Director – William Malone, Screenplay – William Malone & Ford Beebe, Based on the 1959 film Written by Robb White, Producers – Gilbert Adair, Joel Silver & Robert Zemeckis, Photography – Rick Bota, Music – Don Davis, Visual Effects Supervisor – J. Michael Riva, Visual Effects – Bellissimo/Bellardinelli Effects & 4-Ward Productions (Supervisor – Robert Skotak), Makeup Effects – K.N.B. EFX Group Inc (Supervisors – Howard Berger, Robert Kurtzman & Greg Nicotero), Production Design – David F. Klassen. Production Company – Dark Castle Entertainment.
Geoffrey Rush (Steven Price), Famke Janssen (Evelyn Stockard Price), Peter Gallagher (Dr Donald Blackburn), Ali Larter (Sara Wolfe), Chris Kattan (Watson Pritchett), Taye Diggs (Eddie), Bridgette Wilson (Melissa Marr), Max Perlich (Sebastien)
For his hated wife Evelyn’s birthday, millionaire amusement park magnate Steven Price throws a party at the ‘House on Haunted Hill.’ This used to be an asylum where, during the 1930s, the inmates overthrew the building but ended up being burned alive. Steven offers each guest one million dollars if they are still alive by morning. However, someone has substituted Steven’s guest list and instead invited four people who are desperate for the money. As spooky happenings begin to occur and people begin to disappear, nobody is sure any longer whether things are being faked by Price, whether it is all a plot to murder Evelyn, or whether it is a genuine haunting.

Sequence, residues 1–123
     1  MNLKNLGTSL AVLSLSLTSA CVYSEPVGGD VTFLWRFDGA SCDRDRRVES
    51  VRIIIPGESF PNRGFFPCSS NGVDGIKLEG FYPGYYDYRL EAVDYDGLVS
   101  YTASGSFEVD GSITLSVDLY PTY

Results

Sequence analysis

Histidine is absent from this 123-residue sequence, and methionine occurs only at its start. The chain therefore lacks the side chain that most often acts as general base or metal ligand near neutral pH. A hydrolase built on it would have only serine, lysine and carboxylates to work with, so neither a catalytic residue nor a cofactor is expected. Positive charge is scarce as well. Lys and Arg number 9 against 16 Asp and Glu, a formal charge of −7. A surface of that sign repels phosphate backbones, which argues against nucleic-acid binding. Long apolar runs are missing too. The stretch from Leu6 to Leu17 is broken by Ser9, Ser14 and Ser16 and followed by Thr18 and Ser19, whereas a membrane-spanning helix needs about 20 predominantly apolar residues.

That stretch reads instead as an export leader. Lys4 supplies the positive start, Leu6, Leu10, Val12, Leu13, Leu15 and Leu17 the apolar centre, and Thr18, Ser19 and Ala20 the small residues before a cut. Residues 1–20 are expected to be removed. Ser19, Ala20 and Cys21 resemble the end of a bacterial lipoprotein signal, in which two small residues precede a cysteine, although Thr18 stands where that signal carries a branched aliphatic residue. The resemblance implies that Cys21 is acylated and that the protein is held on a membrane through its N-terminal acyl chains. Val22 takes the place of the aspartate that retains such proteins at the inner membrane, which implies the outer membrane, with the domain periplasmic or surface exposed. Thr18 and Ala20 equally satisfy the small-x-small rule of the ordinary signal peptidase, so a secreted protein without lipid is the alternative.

Without a doubt, 1999 was a year marked by a major return of supernatural horror. First up was the remake of The Haunting (1999) and this was followed variously by the amazing successes of The Blair Witch Project (1999) and The Sixth Sense (1999), as well as the likes of Stigmata (1999), Stir of Echoes (1999) and Tim Burton’s Sleepy Hollow (1999). The irony to be found here is that this trend was started off by the announcement of the Haunting remake – but where instead The Haunting proved to be the biggest flop of them all, it was sleepers like The Blair Witch Project and The Sixth Sense that ended up capturing everybody’s attention. This remake of House on Haunted Hill (1959) was clearly made in anticipation of The Haunting‘s presupposed success – you can see the thinking that can allow the remake of one haunted house movie to tail-end on the remake of another. Contrarily, House on Haunted Hill emerges as a film that one goes into with lower expectations and one that emerges as a whole lot more enjoyable and unpretentious than The Haunting.